‘No’ says OVUU

Pittsford Selectboard must find new way to fund repairing dangerous sidewalk


The Pittsford Selectboard showed up at the Otter Valley Unified Union school board meeting on Wednesday, June 19, to make their case about a section of sidewalk they were hoping to use Burditt Trust funds to replace. After their presentation and some brief discussion among the school board members, the request was denied.

After receiving a $100,000 grant from the state in 2018, the town started looking for the money to meet the local match. The selectboard decided to ask for Burditt Trust funds. Both the selectboard and the school board must agree upon those funds, left to the town for the school children of Pittsford.

After a legal question was settled in mediation, the town asked the school two months ago for $100,000 for the funds to build the sidewalk. After the school said no to that request, the town went back on Wednesday to ask for $50,000. Once again, the board declined to fund the sidewalk project.

When the first request was turned down, the school board members felt that the sidewalk was a municipal problem and something the town should fix, because the town owns the sidewalk, rather than using school funds. At Wednesday’s meeting, the school board members still reflected the opinion that this was not a problem the school should pay to fix.

Pittsford rep Bonnie Bourne said she had read through the paperwork for the Burditt Trust fund and did not see anywhere in those documents where the fund should be used for town projects.

Because court mediation determined that the Pittsford representatives must both be in agreement to disburse Burditt funds, the vote of Bourne was very important.

“It’s pretty clear I haven’t supported using Burditt funds for this issue,” Bourne said before asking several questions she said people have asked her. “Why hasn’t the town put it out there as a project?” she asked the selectboard.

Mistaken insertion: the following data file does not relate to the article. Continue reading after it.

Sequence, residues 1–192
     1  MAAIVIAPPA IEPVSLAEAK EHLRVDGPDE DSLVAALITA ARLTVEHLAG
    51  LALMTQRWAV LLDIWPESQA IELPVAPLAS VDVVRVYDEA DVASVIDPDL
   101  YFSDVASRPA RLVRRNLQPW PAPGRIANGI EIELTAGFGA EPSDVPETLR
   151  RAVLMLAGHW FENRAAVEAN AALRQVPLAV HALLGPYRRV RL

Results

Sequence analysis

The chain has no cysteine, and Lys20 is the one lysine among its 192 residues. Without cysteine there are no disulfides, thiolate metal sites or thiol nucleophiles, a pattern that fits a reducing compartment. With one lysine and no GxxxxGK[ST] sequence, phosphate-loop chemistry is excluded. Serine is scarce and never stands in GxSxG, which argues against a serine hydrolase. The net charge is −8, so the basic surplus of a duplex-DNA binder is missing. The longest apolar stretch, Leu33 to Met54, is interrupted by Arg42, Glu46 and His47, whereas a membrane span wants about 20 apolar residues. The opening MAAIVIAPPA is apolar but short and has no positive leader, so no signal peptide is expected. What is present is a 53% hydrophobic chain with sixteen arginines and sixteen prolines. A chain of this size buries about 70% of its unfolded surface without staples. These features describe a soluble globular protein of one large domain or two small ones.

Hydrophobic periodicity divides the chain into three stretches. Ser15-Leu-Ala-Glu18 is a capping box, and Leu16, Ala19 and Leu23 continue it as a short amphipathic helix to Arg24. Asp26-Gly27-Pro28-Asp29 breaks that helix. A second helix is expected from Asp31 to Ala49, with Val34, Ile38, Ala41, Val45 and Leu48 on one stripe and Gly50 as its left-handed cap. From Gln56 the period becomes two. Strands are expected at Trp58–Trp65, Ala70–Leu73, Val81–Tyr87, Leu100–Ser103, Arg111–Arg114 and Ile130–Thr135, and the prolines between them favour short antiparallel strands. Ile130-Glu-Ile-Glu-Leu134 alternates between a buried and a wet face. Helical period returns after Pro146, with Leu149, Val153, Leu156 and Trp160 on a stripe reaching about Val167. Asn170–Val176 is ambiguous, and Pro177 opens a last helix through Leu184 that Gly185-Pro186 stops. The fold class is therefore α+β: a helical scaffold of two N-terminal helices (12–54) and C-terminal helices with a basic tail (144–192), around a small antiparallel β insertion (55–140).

Pittsford selectboard chair Tom Hooker said the town was trying to keep from having to raise taxes for the residents.

“The state has ignored that section of highway,” Bourne continued. “That’s not a Pittsford or a Burditt problem.”

Unlike the town of Brandon, which owns Route 7 going through the town, Pittsford does not own the highway or the sidewalk. The sidewalks are part of the state’s right-of-way for the road and all Pittsford does in regards to maintenance is to clear snow in the winter.

“I realize that this is maybe not a municipal project, I’ll agree,” Hooker said, “but do we need to do something about it? I think we do.”

“If you don’t come along with it and you don’t do it and some kid gets killed,” the selectboard chair then asked, “who’s it going to be on?”

“I think that’s kind of unfair, Tom,” Bourne said. “It could be on anyone for the last 40 years. It could be on the person who’s speeding… I have to be honest with you, that’s the third time someone from the Pittsford governmental structure has said that to me and it really sounds like a threat and I certainly don’t appreciate being threatened.”

“Well it certainly didn’t come from me,” Hooker said.

Barry Varian was the sole board member who voted to approve the funding request, saying he felt the board should look for and seize any opportunities to work better with towns, and afterwards Hooker said they were a little disappointed and would regroup.

“We’ll go back to the full board and see what they want to do next,” he said. “When your own Pittsford people won’t stand up for public safety, I think it’s a mistake on their part.”

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